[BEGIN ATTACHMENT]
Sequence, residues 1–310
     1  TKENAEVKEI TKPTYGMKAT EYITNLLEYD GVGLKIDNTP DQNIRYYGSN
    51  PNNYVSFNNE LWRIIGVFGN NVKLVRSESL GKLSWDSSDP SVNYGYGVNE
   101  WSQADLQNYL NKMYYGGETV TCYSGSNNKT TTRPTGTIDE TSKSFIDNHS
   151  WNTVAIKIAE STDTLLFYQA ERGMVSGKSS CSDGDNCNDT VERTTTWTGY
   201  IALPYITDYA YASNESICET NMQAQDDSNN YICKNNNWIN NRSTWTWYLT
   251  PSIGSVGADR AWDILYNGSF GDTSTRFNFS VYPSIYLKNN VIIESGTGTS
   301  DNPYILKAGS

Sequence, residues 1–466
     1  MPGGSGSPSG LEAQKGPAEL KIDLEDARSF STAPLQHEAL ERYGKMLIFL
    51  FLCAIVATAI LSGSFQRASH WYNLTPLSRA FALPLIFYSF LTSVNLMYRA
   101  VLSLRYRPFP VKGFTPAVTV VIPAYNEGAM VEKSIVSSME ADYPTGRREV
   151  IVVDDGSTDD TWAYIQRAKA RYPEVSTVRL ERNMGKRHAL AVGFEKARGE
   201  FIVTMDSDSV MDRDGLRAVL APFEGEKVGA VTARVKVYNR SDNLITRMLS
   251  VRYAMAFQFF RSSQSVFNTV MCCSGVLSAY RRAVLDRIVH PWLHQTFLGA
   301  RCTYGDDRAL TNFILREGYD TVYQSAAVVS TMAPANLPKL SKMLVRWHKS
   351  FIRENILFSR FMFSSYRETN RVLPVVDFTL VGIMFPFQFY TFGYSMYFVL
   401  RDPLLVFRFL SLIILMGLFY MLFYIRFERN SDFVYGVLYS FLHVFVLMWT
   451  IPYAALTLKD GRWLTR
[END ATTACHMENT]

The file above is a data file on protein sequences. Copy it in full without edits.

Sequence, residues 1–310
     1  TKENAEVKEI TKPTYGMKAT EYITNLLEYD GVGLKIDNTP DQNIRYYGSN
    51  PNNYVSFNNE LWRIIGVFGN NVKLVRSESL GKLSWDSSDP SVNYGYGVNE
   101  WSQADLQNYL NKMYYGGETV TCYSGSNNKT TTRPTGTIDE TSKSFIDNHS
   151  WNTVAIKIAE STDTLLFYQA ERGMVSGKSS CSDGDNCNDT VERTTTWTGY
   201  IALPYITDYA YASNESICET NMQAQDDSNN YICKNNNWIN NRSTWTWYLT
   251  PSIGSVGADR AWDILYNGSF GDTSTRFNFS VYPSIYLKNN VIIESGTGTS
   301  DNPYILKAGS

Sequence, residues 1–466
     1  MPGGSGSPSG LEAQKGPAEL KIDLEDARSF STAPLQHEAL ERYGKMLIFL
    51  FLCAIVATAI LSGSFQRASH WYNLTPLSRA FALPLIFYSF LTSVNLMYRA
   101  VLSLRYRPFP VKGFTPAVTV VIPAYNEGAM VEKSIVSSME ADYPTGRREV
   151  IVVDDGSTDD TWAYIQRAKA RYPEVSTVRL ERNMGKRHAL AVGFEKARGE
   201  FIVTMDSDSV MDRDGLRAVL APFEGEKVGA VTARVKVYNR SDNLITRMLS
   251  VRYAMAFQFF RSSQSVFNTV MCCSGVLSAY RRAVLDRIVH PWLHQTFLGA
   301  RCTYGDDRAL TNFILREGYD TVYQSAAVVS TMAPANLPKL SKMLVRWHKS
   351  FIRENILFSR FMFSSYRETN RVLPVVDFTL VGIMFPFQFY TFGYSMYFVL
   401  RDPLLVFRFL SLIILMGLFY MLFYIRFERN SDFVYGVLYS FLHVFVLMWT
   451  IPYAALTLKD GRWLTR